Parity and Mental Health Coverage

 
Position Statement

NAMI Indiana seeks and promotes equal access to services and benefits for people living with mental illness, in both the private and public sectors. 
 
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What should I do if I suspect a parity violation? 
              1. Review the Parity Resource Guide by the Kennedy Forum and/or Community Catalyst's Guidance for Advocates to strengthen your understanding of the federal parity law and the appeals process. This will help you argue your case!
              2. Appeal with your health plan (if applicable).
              3. If the internal appeal is denied, file a complaint with the appropriate regulatory agency.  
 File with...
Indiana Department of Insurance
(or state insurance authority if not in Indiana)
 File with...
U.S. Department of Labor Employee Benefits Security Administration 
File with...
Indiana Family and Social Services Administration (FSSA) Office of Hearings and Appeals 
for...
  • Private group plans (or fully insured plans)  --- These are health plans that your employer purchases from insurance carriers as a benefit for their employees. You may have to ask your employer if their health plan is fully insured or self-insured.
  • Plans purchased through federal Health Insurance Marketplace (healthcare.gov) --- These are health plans you can purchase for yourself and/or your family if you do not have insurance available to you through other means.  
 for...
  • Self-funded plans (or self insured plans) --- These are health plans that employers or unions create just for their employees or members. You may have to ask your employer if their health plan is fully insured or self-insured.
 for...
  • Indiana Medicaid (Health Indiana Plan / HIP, Hoosier Healthwise, Hoosier Care Connect, Fee for Service) --- These are health programs that the state issues to low-income Hoosiers. If your Medicaid is provided by a managed care company (i.e. Anthem, MDWsie, MHS), you should file an appeal with them before you file a complaint with OMPP. This guide is useful in navigating the appeals process. 


(external resources can be found at the end of this page)


History

1996
- Mental Health Parity Act of 1996 is passed.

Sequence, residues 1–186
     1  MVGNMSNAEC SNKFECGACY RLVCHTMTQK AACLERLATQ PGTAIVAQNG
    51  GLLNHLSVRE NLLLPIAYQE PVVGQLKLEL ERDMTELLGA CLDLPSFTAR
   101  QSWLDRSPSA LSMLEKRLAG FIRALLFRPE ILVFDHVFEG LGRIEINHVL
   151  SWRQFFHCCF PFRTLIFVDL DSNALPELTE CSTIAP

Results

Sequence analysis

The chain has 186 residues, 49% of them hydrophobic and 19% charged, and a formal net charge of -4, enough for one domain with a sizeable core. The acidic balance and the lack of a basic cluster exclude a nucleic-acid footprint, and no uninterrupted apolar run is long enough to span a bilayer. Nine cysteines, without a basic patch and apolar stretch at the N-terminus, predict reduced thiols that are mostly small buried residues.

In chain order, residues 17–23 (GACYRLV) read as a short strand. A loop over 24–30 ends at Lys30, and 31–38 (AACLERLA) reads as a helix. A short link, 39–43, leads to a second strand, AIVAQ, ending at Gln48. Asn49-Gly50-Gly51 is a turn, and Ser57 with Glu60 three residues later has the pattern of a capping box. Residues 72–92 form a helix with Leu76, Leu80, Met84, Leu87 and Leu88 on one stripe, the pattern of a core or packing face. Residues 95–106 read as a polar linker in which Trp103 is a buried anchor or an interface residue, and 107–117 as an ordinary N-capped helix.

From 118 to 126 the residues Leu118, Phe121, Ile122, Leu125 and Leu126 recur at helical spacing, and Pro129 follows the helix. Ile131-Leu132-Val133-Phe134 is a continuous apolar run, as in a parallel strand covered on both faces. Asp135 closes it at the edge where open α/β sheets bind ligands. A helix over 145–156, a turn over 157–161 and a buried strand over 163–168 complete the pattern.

2008 - Paul Wellstone and Pete Domenici Mental Health Parity and Addiction Equity Act (MHPAEA) of 2008 is passed. This builds upon the 1996 Mental Health Parity Act. MHPAEA requires group health plans and insurers that choose to offer mental health and substance disorder benefits, to do so at parity with medical and surgical benefits. 

2010 - MHPAEA becomes effective. The Patient Protection and Affordable Care Act is passed, which, over the coming years, will open the door to health coverage for many uninsured Americans. 

2013 - MHPAEA final regulations are (finally!) issued by HHS. 

2014 - As a result of the ACA, small group and individual market plans are required to meet "essential benefits" guidelines, which includes mental health and substance abuse services. Prior to this, only health plans that chose to offer mental health and/or substance abuse services had to offer them at parity with medical and surgical benefits (all or nothing). 

2015 -  Indiana expands the Healthy Indiana Plan (Indiana's Medicaid program), which could potentially cover 350,000 otherwise uninsured Hoosiers. All newly covered individuals will have mental health and substance disorder coverage at parity with their medical and surgical benefits. 








Media


SOUTH BEND — General physician. Obstetrician. It doesn't matter what kind of doctor you're seeing. "I'd like to see a checkup from the neck up," said Patrick Kennedy, the youngest son of the late Sen. Ted Kennedy. "You can't treat diabetes and ignore depression and anxiety."

The junior Kennedy walked the stage Wednesday as he spoke to a luncheon crowd at the Palais Royale with all of the passion of a Kennedy.

"Forget stigma," he said. "Let's end discrimination against people with mental illness. Because we're not going to change everyone's minds overnight."

Kennedy himself has struggled with bipolar issues since he was a teenager and with addictions that persisted while he was a U.S. representative for Rhode Island, even while he sponsored the Mental Health Parity and Addiction Equity Act, a bill that passed in 2008 to guarantee equal access to mental health and addiction services.

Kennedy is now on a crusade to see that the act is enforced: specifically, to ensure that patients gain mental care just as easily as they gain treatment for cancer and other physical ailments...



When Michael Kamins opened the letter from his insurer, he was enraged.

His 20-year old son recently had been hospitalized twice with bipolar disorder and rescued from the brink of suicide, he said. Now, the insurer said he had improved and it was no longer medically necessary for the young man to see his psychiatrist two times a week. The company would pay for two visits per month.

"There was steam coming out of my ears," Kamins recalled, his face reddening at the memory of that day in June 2012. "This is my kid's life!"

His son again became suicidal and violent, causing him to be rehospitalized eight months later, said Kamins, a marketing professor at the State University of New York, Stony Brook. Kamins is suing the insurer, OptumHealth Behavioral Solutions, which disputes his version of events and denies that it left the young man without sufficient care.

Seven years after Congress passed a landmark law banning discrimination in the treatment of mentally ill people, many families and their advocates complain it stubbornly persists, largely because insurers are subverting the law in subtle ways and the government is not aggressively enforcing it...



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